2012: The Regional Initiative for a South Asia Human Rights Mechanism (RISHARM): ‘a good canvas with an image of immense possibilities.’

– By Anjuman Ara Begum, South Asia Programme Officer, and Mukunda Kattel, Director, FORUM-ASIA –

The 20th century has witnessed an upsurge of self-determination movements across South Asia, replacing repressive colonial rule with democracy and written constitutions that promise  the rule of law. However, the process of human rights standard setting and its enforcement remains poor domestically as well as regionally.

Even though some fundamental human rights instruments have been established in the last years, there is still a lack of actual implementation of these guidelines. Facing this fragmentary environment of human rights standards setting in the region, the establishment of a regional human rights mechanism in South Asia is highly significant. The Regional Initiative for a South Asia Human Rights Mechanism (RISAHRM) serves as an important facilitator in  this process by providing a platform to bring together individuals, civil society organisations (CSOs) and people’s movements from across the region for the goal of establishing a regional mechanism for the protection and promotion of human rights.

The context

The lack of progress in human rights standard setting and its enforcement in the region has made violations a common feature, including: extra-judicial killings; disappearances; torture; and gender- and caste-based atrocities. Those responsible for such atrocities are rarely investigated and hardly held to account. This makes South Asia a region with an institutionalised culture of impunity. Poverty, socially and culturally sanctioned inequalities, terrorism and militarisation add badly to this culture.

‘What we have in common in this region is a history of sufferings and injustices.’ This single sentence of Harsh Mander,  a noted Indian social activist, aptly sums up the situation of human rights and justice in South Asia today.[1]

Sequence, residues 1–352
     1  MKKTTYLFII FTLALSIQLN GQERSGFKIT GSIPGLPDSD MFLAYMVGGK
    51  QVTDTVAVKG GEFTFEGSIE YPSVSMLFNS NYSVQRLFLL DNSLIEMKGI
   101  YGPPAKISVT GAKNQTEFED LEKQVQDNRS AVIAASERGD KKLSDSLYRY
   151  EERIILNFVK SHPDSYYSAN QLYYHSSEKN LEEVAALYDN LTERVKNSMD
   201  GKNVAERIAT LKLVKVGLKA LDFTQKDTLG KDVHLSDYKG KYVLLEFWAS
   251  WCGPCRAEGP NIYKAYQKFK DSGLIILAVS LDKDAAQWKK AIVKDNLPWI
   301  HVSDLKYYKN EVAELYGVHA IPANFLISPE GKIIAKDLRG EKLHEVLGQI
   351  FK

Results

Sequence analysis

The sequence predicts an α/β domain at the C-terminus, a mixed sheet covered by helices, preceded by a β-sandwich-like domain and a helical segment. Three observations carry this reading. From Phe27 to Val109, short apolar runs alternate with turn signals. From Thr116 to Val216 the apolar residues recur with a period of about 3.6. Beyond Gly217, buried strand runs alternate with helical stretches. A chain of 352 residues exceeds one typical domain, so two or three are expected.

In 1985, the South Asian Association for Regional Cooperation (SAARC) was established with a view to promote peace and stability in the region. To achieve this lofty goal would mean to repair the history Harsh has noted above. However, thirty years down the road, the situation in the region has not become any better.

This is not to say, however, nothing has happened over the years. Some useful human rights instruments have been adopted. The development and ratification of the Convention on Preventing and Combating Trafficking in Women and Children for Prostitution (2002), the Convention on the Promotion of Child Welfare in South Asia (2002), the Social Charter (2004) and the Charter on Democracy (2011) by several countries in the region are testaments to this.

However, these instruments only exist on paper. No mechanisms have been developed to oversee their implementation, which indicates the urgency of a regional human rights mechanism. In its absence, the promises of SAARC continue to remain hollow.

Hosting over one fourth of the world population, South Asia is home to some of the world’s most ancient civilisations, cultures, religions and languages. The people share historical ties and socio- cultural similarities in many ways. Yet, they remain disconnected and thus are deprived of exploiting the wisdom, which emanates from their civilisational richness, to benefit each other.

All States of the region – Afghanistan, Bangladesh, Bhutan, India, the Maldives, Nepal, Pakistan and Sri Lanka – have some form of domestic institutions to deal with human rights within their borders. All States are parties to almost all core international human rights instruments, barring Bhutan, which is only party to the conventions related to the rights of the child and women. All States also have constitutional and legislative remedies of one kind or another against human rights violations. However, all States have fallen short in the applications of these institutions, instruments, and remedies.